EU accidentally orders ISPs to become copyright police
Legislator: 'No we never'
Part of the EU Telecommunications Package, agreed by MEPs on Monday, could be interpreted to endorse cutting off P2P users after a written warning or two, even though the author claims that was not the intention.
The disputed text, which some are claiming is deliberately concealed within impenetrable legalese, states that national regulators - such as the UK's Ofcom - must promote "cooperation" between access providers and those "interested in the protection and promotion of lawful content".
This would seem to be beyond the provision of basic information, and could be interpreted to mean regulators have a responsibility to turn ISPs into law enforcement bodies policing the internet for copyright holders.
Arguments about the technical feasibility of such an action are irrelevant. It's not the law-maker's job to know how a law can be enforced, it would be up to the ISPs and copyright holders to work out who to accuse and what action to take, and up to the courts to decide if action was taken inappropriately.
More fundamentally, the question is if ISPs should take responsibility for the traffic they carry.
But one of the MEPs responsible for the text, Malcolm Harbour, was quick to explain that this is not the intended meaning at all:
"The interpretation ... is alarmist and scare-mongering and deflects from the intention which was to improve consumers' rights," he told the BBC. Harbour also found time to debate the text on Radio 5 (mp3 - first item), where he reiterated that the legislation has more innocent intentions, and promised to amend the text before the final vote in September if enough people found it misleading. ®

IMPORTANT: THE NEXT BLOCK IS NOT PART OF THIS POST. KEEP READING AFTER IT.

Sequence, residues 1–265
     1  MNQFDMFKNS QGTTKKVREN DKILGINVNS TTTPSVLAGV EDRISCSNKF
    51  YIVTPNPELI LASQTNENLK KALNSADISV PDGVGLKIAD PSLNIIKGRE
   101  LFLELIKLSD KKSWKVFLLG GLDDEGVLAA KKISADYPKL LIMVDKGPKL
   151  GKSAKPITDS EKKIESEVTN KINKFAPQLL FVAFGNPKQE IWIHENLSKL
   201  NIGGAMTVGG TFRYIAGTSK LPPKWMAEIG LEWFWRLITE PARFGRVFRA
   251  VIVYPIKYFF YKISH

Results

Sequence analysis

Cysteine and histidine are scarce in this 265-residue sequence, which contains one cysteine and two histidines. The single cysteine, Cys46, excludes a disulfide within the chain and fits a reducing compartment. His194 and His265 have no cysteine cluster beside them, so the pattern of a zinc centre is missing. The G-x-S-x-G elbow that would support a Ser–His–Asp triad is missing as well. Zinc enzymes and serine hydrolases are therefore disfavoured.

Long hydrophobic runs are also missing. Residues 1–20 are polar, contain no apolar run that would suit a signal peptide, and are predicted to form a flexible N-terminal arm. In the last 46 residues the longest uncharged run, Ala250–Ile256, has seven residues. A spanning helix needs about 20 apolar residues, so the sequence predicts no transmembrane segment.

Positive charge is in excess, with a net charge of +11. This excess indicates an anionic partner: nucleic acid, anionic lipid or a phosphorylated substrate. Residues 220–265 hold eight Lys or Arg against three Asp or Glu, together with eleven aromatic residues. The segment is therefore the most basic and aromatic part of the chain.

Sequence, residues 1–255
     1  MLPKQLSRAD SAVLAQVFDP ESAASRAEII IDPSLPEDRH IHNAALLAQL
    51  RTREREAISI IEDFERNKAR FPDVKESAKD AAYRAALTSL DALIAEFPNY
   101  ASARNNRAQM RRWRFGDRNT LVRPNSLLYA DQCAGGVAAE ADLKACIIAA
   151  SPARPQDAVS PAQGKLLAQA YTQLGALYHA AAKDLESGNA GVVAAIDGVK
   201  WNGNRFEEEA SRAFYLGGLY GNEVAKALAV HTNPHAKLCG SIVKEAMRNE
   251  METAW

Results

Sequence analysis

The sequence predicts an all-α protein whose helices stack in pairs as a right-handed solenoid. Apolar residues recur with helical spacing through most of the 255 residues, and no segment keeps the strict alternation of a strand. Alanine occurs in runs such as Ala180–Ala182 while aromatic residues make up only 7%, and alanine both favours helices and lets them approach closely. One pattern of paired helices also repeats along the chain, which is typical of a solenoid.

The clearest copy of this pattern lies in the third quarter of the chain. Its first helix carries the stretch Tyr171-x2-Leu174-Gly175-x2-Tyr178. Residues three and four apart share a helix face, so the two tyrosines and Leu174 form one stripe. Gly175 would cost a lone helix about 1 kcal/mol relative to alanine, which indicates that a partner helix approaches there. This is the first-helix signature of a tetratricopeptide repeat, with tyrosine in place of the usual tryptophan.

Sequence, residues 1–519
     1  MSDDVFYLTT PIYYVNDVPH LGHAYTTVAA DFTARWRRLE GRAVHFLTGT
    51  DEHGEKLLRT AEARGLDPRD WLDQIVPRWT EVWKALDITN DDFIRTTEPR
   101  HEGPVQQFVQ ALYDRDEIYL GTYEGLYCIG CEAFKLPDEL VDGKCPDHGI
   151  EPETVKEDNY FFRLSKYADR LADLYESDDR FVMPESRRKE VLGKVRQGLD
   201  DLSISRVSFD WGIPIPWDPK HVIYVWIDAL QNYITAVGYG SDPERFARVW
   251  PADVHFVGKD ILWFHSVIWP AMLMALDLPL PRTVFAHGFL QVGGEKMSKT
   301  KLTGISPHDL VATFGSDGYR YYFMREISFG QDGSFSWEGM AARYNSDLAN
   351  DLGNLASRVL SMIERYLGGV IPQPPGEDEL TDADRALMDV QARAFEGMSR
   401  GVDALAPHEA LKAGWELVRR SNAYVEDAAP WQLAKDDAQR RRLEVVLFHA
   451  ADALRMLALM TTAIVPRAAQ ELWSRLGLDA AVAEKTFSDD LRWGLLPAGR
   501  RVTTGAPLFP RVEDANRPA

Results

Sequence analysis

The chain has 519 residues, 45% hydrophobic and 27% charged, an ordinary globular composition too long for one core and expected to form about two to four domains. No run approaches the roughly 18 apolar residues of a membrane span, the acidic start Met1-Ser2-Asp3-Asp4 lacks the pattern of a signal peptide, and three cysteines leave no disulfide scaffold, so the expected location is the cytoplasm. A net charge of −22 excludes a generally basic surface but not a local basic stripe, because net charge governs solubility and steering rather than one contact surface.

"The interpretation ... is alarmist and scare-mongering and deflects from the intention which was to improve consumers' rights."
The thing is, laws are laws. It doesn't matter what your intentions are. What matters is people's interpretation of the law. Here's a suggestion -- craft the law using clear and unambiguous language so that nobody has to guess your intent, and so that there is no way to misinterpret it. Don't forget, even if everyone agrees and holds to your intention now, it doesn't mean future civil servants will.
I bet the US' founding fathers never intended for the US to turn out this way.
I have a hunch the people who crafted child-porn laws never intended for under-18 girls to be arrested for voluntarily (and without coercion) posting semi/nude pictures of themselves on the Internet or sending those pictures to their boy/girlfriend.
I bet the UK lawmakers who crafted the sex-offender rules never intended for a man simulating sex with a bicycle in his locked hotel room to be arrested and have his name on the sex offender list for the rest of his life.
@there will be a scapegoat
``all that we need now is SSL to torrent websites and keep encryption on during downloads....''
FFS, how many times do people have to be told? Encrypting your bittorrent connection only hides the data from people who are watching your network traffic. As long as peers can connect to the tracker and see your IP address (which they need in order to share the files with you), snoopers from the copyright enforcement bodies can connect to the tracker and see that your IP address is downloading infringing material.
those "interested in the protection and promotion of lawful content"
The Chinese Government : Falun Gong and Tibetan Buddhist sites
The U.S. Government: Bookmaking sites
SCO : Anything like Unix
The German Government : Anything Nazi
The Iranian Government: Anything Anti-Nazi
and almost any political opinion is unlawful somewhere.